“With the clear evidence that a highly sophisticated adversary is abusing these systems and the trust between different organizations, it is of the utmost importance to focus on improving the security of these networks. “
LightBasin attackers were observed using a new technique to move stolen data between networks, which involved the use of SGSN emulation software to support C2 activities. SGSN (which stands for Serving GPRS Support Node) is used as a network access point for GPRS networks. The attackers combined the emulator with TinyShell, an open source Unix backdoor that has already been used by several opponents, via a bash script. The publicly available SGSN emulation software (sgsnumu2) was used to tunnel TinyShell C2 traffic between the attackers’ server and the infected host, through the GPRS Tunneling Protocol (GTP), a group of IP-based communication protocols used to carry a general packet radio service. , the researchers said.
Attackers may have resorted to this tactic because GTP encapsulated traffic is potentially subject to less restriction by network security solutions, the researchers said. GTP-encapsulated TinyShell C2 traffic can also be less abnormal within a global mobile communications network, as it uses a protocol native to the telecommunications infrastructure that is compromised, they said. The script would only run for 30 minutes per day, the same as a scheduled job, and if a successful connection was not made at the end of the 30 minute window, then the script would kill both l SGSN emulator and TinyShell implant.
“The script is used as a persistence mechanism; it runs continuously, but attempts to tunnel to each of the specified mobile stations, which in turn act as tunnels to the TinyShell C2 server, ”said Jamie Harries and Dan Mayer, researchers at Crowdstrike.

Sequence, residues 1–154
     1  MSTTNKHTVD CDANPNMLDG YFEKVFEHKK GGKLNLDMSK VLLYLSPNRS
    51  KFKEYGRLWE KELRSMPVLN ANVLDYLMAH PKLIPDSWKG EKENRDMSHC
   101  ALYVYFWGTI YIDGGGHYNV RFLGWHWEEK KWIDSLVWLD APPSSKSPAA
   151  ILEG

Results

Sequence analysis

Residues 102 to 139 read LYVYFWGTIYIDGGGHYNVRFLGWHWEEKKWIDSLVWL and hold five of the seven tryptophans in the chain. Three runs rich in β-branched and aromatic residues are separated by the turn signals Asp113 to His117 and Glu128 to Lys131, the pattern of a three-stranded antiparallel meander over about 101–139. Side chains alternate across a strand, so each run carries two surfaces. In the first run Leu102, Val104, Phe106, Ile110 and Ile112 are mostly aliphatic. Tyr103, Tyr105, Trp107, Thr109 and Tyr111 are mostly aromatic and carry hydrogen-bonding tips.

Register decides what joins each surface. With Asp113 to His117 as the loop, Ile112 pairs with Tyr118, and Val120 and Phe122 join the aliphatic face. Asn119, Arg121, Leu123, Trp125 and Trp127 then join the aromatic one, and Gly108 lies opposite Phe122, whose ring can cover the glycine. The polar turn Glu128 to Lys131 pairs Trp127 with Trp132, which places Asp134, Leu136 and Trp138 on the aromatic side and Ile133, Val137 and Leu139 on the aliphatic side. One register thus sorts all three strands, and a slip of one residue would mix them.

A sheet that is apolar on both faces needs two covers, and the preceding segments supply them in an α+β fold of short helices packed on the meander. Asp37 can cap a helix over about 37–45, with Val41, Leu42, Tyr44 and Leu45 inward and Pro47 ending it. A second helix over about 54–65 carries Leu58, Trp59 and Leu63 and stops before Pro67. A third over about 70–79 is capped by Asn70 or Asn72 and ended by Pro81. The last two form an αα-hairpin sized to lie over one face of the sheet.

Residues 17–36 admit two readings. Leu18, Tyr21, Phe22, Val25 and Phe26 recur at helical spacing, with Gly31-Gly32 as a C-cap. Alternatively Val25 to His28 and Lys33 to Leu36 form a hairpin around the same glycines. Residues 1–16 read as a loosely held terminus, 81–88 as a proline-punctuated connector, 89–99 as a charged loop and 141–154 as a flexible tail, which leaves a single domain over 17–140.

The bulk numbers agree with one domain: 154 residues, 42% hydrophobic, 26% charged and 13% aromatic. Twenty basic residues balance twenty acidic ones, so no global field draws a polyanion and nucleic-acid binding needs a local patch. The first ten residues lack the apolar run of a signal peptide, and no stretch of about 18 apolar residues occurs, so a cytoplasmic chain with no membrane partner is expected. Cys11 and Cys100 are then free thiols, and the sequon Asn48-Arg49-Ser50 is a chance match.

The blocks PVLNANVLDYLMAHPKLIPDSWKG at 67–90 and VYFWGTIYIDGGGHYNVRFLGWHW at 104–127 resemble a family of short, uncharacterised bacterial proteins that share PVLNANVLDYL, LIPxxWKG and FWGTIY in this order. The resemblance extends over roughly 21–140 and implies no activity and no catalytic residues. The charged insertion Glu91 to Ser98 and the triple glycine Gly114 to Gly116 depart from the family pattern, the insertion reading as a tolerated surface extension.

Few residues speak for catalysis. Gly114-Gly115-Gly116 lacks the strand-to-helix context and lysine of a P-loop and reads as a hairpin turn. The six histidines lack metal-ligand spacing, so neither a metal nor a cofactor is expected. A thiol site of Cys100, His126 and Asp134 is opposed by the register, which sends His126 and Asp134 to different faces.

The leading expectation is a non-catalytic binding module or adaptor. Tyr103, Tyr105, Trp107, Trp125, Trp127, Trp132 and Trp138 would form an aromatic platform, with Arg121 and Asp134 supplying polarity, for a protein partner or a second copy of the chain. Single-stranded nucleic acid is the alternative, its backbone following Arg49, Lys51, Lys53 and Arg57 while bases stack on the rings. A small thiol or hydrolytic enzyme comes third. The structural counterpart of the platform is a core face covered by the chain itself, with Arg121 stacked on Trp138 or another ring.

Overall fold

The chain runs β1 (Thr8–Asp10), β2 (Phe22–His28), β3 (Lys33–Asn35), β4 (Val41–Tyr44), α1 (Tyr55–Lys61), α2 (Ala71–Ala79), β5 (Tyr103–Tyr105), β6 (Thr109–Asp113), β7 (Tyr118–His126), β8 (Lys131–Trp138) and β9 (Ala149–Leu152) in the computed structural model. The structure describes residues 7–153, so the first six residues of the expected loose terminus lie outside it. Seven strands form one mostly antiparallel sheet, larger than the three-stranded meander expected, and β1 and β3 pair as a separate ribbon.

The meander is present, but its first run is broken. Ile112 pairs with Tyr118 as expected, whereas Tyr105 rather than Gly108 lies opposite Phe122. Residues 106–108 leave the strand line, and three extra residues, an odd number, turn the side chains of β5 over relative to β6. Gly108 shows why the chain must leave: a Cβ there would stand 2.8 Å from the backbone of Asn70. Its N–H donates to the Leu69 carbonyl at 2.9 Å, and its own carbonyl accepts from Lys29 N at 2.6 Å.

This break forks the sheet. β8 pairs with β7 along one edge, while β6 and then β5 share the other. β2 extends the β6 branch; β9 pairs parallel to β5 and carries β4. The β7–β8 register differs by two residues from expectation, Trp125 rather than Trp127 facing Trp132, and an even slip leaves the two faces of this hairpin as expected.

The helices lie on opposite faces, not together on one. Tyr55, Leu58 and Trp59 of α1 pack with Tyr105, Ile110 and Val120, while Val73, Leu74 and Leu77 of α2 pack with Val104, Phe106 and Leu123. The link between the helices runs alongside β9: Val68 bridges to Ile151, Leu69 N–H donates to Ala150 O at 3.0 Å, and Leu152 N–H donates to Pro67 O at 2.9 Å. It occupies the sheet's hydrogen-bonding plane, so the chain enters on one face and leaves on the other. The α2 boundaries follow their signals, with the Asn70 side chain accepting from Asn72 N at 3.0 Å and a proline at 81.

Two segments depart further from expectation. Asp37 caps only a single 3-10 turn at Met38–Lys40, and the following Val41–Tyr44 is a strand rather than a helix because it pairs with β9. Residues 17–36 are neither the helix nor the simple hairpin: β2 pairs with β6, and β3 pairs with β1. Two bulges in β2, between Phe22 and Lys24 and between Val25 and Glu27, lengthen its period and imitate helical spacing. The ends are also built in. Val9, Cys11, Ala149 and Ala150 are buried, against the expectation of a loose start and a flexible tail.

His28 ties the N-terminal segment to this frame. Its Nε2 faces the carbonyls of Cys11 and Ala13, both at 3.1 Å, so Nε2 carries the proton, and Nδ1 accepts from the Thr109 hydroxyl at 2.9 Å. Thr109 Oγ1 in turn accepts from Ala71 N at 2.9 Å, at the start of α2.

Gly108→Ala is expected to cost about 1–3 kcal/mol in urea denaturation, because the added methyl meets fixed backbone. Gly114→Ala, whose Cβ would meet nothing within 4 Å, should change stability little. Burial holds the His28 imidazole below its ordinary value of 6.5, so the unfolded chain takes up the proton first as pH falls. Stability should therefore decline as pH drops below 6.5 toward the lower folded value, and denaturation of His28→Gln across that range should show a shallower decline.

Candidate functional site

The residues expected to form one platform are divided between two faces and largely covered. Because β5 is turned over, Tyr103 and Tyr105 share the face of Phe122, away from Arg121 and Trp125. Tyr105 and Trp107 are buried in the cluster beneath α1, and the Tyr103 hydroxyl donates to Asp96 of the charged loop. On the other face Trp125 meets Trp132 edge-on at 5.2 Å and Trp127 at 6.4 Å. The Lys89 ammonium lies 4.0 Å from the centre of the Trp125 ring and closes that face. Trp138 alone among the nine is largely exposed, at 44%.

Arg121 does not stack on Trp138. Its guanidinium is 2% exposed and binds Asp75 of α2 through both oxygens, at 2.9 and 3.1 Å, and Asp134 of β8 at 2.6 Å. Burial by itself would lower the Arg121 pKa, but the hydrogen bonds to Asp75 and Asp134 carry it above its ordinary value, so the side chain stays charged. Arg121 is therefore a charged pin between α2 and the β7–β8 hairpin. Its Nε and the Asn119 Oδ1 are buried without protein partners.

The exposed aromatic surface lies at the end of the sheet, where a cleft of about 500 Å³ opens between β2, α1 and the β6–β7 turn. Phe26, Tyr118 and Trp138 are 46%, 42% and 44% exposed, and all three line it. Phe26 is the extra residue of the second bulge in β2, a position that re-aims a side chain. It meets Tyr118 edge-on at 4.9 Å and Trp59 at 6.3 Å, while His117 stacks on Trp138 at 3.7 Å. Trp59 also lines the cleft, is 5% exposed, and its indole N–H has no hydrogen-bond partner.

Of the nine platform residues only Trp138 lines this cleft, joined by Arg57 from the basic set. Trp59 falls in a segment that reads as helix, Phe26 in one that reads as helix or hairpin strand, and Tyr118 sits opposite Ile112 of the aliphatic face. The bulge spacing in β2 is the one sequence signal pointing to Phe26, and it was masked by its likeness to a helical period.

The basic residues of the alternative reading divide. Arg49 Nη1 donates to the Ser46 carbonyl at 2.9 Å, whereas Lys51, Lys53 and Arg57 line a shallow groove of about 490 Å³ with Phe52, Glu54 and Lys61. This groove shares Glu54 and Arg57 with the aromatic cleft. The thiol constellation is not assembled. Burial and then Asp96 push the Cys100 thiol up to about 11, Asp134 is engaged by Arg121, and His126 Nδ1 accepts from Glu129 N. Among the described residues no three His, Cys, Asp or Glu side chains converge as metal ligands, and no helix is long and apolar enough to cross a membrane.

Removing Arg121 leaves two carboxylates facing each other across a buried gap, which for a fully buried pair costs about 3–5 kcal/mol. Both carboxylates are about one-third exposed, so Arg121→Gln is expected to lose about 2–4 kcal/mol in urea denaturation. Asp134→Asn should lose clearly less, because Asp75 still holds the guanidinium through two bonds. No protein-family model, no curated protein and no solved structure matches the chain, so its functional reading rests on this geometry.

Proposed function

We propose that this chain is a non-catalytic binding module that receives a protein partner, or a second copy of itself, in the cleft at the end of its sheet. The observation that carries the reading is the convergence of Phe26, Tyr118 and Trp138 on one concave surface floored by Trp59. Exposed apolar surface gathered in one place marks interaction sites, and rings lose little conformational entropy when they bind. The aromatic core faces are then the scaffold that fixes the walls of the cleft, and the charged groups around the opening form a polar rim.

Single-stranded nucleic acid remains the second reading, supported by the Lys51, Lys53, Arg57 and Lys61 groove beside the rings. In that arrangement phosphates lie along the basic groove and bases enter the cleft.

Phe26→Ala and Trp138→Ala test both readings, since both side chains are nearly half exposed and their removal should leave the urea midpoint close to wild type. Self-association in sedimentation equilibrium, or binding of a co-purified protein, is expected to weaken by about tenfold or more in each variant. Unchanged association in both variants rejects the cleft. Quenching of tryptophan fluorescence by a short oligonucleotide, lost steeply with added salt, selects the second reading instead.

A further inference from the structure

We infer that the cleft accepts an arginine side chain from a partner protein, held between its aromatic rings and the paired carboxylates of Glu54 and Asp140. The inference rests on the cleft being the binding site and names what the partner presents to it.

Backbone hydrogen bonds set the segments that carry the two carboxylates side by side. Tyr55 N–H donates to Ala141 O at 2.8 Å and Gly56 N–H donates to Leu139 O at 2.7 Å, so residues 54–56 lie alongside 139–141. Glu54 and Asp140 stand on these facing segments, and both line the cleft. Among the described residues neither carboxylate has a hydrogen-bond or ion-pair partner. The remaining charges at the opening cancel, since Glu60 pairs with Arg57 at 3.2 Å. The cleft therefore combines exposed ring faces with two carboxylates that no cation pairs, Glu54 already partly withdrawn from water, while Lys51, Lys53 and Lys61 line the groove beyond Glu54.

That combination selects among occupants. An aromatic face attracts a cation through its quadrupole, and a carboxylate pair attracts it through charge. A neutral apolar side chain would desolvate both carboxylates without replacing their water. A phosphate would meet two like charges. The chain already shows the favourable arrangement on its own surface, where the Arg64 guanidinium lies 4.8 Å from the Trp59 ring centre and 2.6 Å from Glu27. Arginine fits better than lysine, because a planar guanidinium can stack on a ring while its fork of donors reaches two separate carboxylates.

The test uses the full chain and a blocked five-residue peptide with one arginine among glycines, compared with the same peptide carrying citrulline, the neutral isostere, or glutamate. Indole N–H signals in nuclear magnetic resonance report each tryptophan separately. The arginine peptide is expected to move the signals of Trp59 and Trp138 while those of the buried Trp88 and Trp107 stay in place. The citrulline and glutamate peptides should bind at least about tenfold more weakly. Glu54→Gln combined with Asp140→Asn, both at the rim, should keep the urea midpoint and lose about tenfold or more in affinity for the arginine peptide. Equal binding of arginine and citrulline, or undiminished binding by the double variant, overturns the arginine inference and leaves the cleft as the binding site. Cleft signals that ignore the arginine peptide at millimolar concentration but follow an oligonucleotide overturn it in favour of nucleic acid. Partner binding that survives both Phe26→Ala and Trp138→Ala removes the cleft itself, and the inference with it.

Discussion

The researchers said that the process of securing the telecommunications sector comes with various challenges. This is because these organizations have a partner-heavy nature and focus on high availability systems, while creating and operating a critical infrastructure used to communicate and store large amounts of sensitive information. In March, McAfee researchers uncovered a spy campaign that used a spear-phishing website – masquerading as a Huawei career page – to infect carriers with malware. Earlier in October, researchers discovered a spy attack targeting telecommunications companies in the Middle East, the United States, Russia and Europe with the aim of stealing sensitive data from critical assets as well as gleaning information on victim infrastructure and technology.
“With the clear evidence that a highly sophisticated adversary is abusing these systems and the trust between different organizations, it is of the utmost importance to focus on improving the security of these networks,” said Harries and Mayer. “Given the significant value of intelligence to any state-sponsored adversary likely to be contained in telecommunications companies, CrowdStrike expects these organizations to continue to be targeted by sophisticated actors, further emphasizing the importance of securing all aspects of the telecommunications infrastructure beyond just focusing on the corporate network. alone.”
A key recommendation for carriers is to ensure that the firewalls responsible for the GPRS network have rules in place to restrict network traffic to only expected protocols, such as DNS or GTP, the researchers said. This could help stifle LightBasin’s ability to pivot between multiple carriers, as compromised organizations allowed all traffic between those organizations without identifying the protocols that were actually required.
“Also, since this is a common situation where parts of the network may in fact be managed by a third-party managed service provider as opposed to the telecommunications company itself, an assessment of the security controls in place with the partner must be undertaken to ensure that the systems are sufficiently protected, ”the researchers said.